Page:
or the threat of trade sanctions. To achieve this the public-health 
safeguards need to strengthened.

The South African case 

The South African case provided a graphic illustration of the problem 
of excessive prices of patented medicines and the vital role played 
by generic competition in reducing these prices. The US-patented 
price for triple therapy for HIV/AIDS is approximately US$ 10,000 per 
person per year. As a result of growing public concern about the 
harmful effects of patents, and because of the presence of cheaper 
generic competition, the large companies recently cut their prices to 
African governments to around US$ 1,000 per person per year. But this 
was still more than three times higher than the cheapest offer from 
the Indian generic company, Aurobindo, of US$ 295 per person per 
year. The offers from generic companies have played a vital role in 
bringing down patented prices. But the effects of TRIPS in India and 
elsewhere will mean that this important source of generic competition 
will disappear for new medicines. Oxfam believes that the TRIPS 
Agreement needs to be revised in order to allow market forces to 
lower the high price of patented medicines through generic competi-
tion.

The case for special treatment for developing countries

TRIPS will largely benefit the big Northern-based transnational cor-
porations where pharmaceutical innovation is concentrated, not poorer 
countries which are principally importers of modern technology. For 
the latter, TRIPS will raise the cost of protected and imported tech-
nologies such as medicines. It will also reduce their scope to pro-
duce cheaper generic equivalents for their own consumption and export 
to other poorer countries.

Yet industrialisation usually relies on reproducing the technologies 
of the more advanced companies. Patenting only becomes of interest to 
a country when it has developed the capacity to innovate. Many Euro-
pean countries, including Switzerland, home of many innovative phar-
maceutical companies, resisted providing pharmaceutical product pat-
ents until their industries had reached a certain degree of develop-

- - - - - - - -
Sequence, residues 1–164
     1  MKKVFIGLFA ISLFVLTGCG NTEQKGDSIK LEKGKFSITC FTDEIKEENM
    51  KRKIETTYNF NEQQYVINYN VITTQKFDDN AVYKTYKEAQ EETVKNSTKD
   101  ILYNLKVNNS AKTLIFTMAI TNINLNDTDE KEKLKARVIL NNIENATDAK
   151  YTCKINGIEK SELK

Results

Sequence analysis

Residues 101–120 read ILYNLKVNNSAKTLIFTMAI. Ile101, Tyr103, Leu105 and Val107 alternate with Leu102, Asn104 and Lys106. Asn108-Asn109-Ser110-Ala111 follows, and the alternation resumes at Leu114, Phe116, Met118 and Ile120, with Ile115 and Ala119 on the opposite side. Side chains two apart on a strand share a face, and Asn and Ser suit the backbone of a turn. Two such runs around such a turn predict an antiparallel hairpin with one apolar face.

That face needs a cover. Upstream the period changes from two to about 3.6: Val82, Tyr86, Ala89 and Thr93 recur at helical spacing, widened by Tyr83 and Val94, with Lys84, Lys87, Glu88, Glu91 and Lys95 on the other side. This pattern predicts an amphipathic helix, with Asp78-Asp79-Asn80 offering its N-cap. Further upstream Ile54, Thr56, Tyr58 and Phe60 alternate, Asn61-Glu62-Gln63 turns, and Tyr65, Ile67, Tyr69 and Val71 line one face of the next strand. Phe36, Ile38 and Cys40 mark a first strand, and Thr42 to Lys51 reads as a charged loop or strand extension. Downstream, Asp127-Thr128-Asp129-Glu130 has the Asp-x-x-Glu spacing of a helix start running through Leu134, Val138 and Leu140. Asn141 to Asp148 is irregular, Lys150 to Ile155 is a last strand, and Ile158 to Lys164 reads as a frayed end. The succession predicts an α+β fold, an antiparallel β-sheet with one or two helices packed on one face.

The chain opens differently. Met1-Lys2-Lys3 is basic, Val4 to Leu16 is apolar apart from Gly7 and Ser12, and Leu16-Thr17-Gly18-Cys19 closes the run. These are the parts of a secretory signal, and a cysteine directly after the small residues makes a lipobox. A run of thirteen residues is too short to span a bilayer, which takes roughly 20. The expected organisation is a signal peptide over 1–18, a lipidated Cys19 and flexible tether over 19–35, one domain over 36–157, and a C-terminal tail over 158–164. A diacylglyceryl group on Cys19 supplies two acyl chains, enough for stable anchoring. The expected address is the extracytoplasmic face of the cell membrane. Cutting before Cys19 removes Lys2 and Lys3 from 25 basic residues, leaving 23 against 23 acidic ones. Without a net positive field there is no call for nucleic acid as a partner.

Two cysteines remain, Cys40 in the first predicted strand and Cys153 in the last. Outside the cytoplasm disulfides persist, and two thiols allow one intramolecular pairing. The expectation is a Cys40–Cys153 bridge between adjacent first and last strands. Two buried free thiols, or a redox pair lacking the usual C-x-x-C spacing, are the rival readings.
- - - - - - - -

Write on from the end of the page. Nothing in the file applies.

ment. France introduced patent products in 1960, Germany in 1968, Ja-
pan in 1976, Switzerland in 1977, and Italy and Sweden in 1978. 

Advocates of TRIPS argue that the costs of strengthened patent pro-
tection are outweighed by the benefits of increased foreign invest-
ment in developing countries. But this is an assumption based on lit-
tle if any evidence. Nor will strengthened patent protection do much 
to promote innovation in poorer countries, since the main constraint 
on innovation is the lack of industrial and technological capacity, 
not weak patent protection.

For these reasons, Oxfam is arguing for longer transition periods for 
developing countries to comply with TRIPS, based on their attainment 
of development milestones rather than arbitrary dates. This would 
free them from the administrative costs of implementing TRIPS and en-
able them to produce or import cheap generics without having to issue 
compulsory licences or risk the threat of legal action. 

Will changing WTO TRIPS rules reduce R&D?

Pharmaceutical companies and Northern governments have repeatedly ar-
gued that strong patent protection in developing countries will in-
crease R&D into neglected diseases which afflict poor people. The 
lack of R&D into these diseases is certainly a serious problem. Pneu-
monia, diarrhoea, tuberculosis, and malaria - a group of diseases 
that claim approximately 11 million people every year mostly in de-
veloping countries - account for less than one per cent of the global 
health research budget. In contrast, diseases which primarily affect 
the rich world account for 85 per cent of global drugs sales, and are 
consequently the target for the bulk of R&D spending.

Strengthening patent protection in developing countries will not 
change this basic market reality. Simply stated, purchasing power in 
developing countries will remain too small, even with longer patent 
protection. The entire African market, for example, represents only 
one per cent of the multinational pharmaceutical companies' sales. 
This is why increased public investment will be needed to correct the 
current imbalance in R&D. 

The drug companies also justify TRIPS by arguing that strengthened 
patent protection is needed to reward R&D. But the minimum 20-year 
period required by TRIPS is arbitrary, and could be reduced in devel-
oping countries without prejudice to R&D. Moreover, pharmaceutical 
R&D is not as costly as often claimed. Evidence presented by a local 
campaign group, the Treatment Action Campaign, to the South African 
courts exploded the myth that strong patent protection is needed to 
recoup the costs of R&D. It showed that a large proportion of